When freshman Congresswoman Alexandria Ocasio-Cortez went on television and hypothetically proposed a new top marginal tax rate of 70%, a lot of people lost their actual minds. The GOP went even whiter with rage at AOC's insouciant socialism, the left cheered with lusty glee and the center stood agape as Howard Schultz stepped forward to speak for them before getting slapped in the mouth by the narrow group of voters who might have maybe voted for him.
The notion of a 70% tax rate on people making more than $10 million a year has taken on more existential importance, becoming constant fodder for partisan talking points and emerging as the first partisan Rohrshach test of the 2020 election cycle. It's impossible to be a player in this political moment and not weigh in on AOC's tax plan. So everyone who's running is making it part of their stump in some way, and every billionaire who's been near a microphone in the last week has been put in the uncomfortable position of having to answer questions about it without seeming greedy. On the flip side, there is no other reason for a famously wealthy and powerful person to address the 70% marginal rate publicly unless forced to do so in public or in furtherance of a political.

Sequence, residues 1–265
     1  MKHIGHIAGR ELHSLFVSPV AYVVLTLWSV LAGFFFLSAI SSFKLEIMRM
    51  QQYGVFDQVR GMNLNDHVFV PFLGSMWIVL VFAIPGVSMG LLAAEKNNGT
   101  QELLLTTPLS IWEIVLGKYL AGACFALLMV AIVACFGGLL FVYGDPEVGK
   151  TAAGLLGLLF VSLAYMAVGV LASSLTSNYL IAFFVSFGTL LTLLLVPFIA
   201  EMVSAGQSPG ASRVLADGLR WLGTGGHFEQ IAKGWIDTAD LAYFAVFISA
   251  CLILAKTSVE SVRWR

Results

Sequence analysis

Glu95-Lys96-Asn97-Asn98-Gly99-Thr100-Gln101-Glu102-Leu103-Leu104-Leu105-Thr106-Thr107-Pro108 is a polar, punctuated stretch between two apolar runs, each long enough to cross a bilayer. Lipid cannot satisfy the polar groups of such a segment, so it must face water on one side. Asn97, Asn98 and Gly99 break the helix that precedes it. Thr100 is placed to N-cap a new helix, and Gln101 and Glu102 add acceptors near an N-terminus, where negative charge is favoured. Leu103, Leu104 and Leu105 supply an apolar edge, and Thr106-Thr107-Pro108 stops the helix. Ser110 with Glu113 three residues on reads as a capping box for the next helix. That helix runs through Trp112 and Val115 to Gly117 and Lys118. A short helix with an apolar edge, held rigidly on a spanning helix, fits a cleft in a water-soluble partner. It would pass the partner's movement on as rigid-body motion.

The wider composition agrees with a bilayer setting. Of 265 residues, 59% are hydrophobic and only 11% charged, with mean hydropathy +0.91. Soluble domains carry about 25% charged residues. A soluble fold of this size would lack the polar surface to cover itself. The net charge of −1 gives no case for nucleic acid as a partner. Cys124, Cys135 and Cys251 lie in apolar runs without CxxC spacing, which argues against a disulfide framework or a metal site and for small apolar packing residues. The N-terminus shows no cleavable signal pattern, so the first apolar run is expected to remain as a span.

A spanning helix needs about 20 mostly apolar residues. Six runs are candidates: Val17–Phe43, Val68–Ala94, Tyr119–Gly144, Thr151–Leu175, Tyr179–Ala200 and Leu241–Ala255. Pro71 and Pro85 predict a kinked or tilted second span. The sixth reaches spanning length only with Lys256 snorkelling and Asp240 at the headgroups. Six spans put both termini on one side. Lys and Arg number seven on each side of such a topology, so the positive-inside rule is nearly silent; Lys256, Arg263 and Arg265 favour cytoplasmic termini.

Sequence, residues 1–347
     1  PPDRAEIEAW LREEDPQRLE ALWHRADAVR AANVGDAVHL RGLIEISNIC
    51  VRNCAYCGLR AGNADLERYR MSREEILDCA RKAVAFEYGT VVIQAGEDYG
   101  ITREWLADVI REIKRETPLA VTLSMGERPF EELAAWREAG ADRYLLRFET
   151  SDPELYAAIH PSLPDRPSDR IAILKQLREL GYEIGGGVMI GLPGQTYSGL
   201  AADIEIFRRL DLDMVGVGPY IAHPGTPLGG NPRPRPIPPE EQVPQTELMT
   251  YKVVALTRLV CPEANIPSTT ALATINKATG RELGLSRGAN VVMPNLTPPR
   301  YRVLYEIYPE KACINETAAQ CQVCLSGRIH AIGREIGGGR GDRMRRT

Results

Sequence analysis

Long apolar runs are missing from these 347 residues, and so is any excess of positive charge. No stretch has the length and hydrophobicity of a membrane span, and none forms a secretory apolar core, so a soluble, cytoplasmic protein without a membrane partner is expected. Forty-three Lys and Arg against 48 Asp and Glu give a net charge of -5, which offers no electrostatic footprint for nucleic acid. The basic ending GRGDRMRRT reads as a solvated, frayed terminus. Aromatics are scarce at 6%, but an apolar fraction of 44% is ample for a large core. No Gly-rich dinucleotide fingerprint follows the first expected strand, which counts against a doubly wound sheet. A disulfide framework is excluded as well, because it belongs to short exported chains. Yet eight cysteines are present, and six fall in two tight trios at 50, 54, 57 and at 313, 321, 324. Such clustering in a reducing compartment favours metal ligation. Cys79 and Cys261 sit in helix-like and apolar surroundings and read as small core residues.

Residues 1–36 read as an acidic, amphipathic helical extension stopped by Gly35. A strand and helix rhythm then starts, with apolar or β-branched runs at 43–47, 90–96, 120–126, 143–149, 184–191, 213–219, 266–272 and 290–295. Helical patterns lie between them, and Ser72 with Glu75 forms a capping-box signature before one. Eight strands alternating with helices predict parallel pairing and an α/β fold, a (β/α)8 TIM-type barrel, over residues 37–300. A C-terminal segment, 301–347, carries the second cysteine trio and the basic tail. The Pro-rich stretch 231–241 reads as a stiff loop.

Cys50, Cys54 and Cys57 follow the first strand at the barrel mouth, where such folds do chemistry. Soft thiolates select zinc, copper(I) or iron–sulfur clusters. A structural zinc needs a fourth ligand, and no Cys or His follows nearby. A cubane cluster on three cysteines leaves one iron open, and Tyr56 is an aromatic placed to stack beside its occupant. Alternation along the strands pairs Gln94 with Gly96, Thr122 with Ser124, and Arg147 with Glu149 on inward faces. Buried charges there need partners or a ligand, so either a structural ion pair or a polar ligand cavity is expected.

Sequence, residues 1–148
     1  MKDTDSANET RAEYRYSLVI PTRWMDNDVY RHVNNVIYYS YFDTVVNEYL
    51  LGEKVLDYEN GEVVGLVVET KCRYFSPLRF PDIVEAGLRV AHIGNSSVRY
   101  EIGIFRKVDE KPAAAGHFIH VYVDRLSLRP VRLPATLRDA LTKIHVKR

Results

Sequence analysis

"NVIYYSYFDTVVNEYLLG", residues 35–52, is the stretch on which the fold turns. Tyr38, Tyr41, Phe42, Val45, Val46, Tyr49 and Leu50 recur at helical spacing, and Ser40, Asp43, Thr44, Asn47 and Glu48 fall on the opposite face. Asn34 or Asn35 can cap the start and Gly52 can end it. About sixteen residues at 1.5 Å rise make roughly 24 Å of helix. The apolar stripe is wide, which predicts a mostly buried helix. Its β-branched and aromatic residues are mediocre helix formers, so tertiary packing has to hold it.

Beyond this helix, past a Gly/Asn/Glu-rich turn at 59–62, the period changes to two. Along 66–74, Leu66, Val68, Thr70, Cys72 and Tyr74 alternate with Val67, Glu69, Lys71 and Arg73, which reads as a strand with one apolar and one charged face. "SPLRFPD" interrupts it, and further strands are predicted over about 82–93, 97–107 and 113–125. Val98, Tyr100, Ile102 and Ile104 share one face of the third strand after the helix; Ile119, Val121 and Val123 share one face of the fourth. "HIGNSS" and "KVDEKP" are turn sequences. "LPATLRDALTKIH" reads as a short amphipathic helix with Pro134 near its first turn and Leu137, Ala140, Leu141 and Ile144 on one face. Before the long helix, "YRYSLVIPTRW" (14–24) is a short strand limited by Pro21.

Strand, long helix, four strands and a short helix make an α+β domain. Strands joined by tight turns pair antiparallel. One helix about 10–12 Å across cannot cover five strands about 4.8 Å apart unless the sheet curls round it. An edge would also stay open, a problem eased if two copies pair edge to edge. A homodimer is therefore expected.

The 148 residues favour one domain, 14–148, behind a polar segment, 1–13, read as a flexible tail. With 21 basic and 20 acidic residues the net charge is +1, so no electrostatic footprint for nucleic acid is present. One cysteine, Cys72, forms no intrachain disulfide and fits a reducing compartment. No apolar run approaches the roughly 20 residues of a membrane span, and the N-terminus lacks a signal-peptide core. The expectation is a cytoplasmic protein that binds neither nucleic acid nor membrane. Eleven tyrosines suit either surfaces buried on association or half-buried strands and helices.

Billionaire CEO Jamie Dimon is OK with tax hikes on the rich, as long as the revenue goes where he thinks it’ll do the most good.
“Individuals earning the most can afford to pay more, and I have no problem paying higher taxes to address some of the fundamental challenges and inequities in our society,” the 62-year-old chief executive officer of JPMorgan Chase & Co. said Wednesday in an emailed statement. He singled out expanding the earned income tax credit as a way to help those who “really need it.”
Oh, thanks for that unsolicited thought, "non-presidential candidate" Jamie Dimon.
What? It's not a totally normal thing for a guy who's not running for political office to just release statements on policy? That's weird, you say? What motive do you think he could possibly have?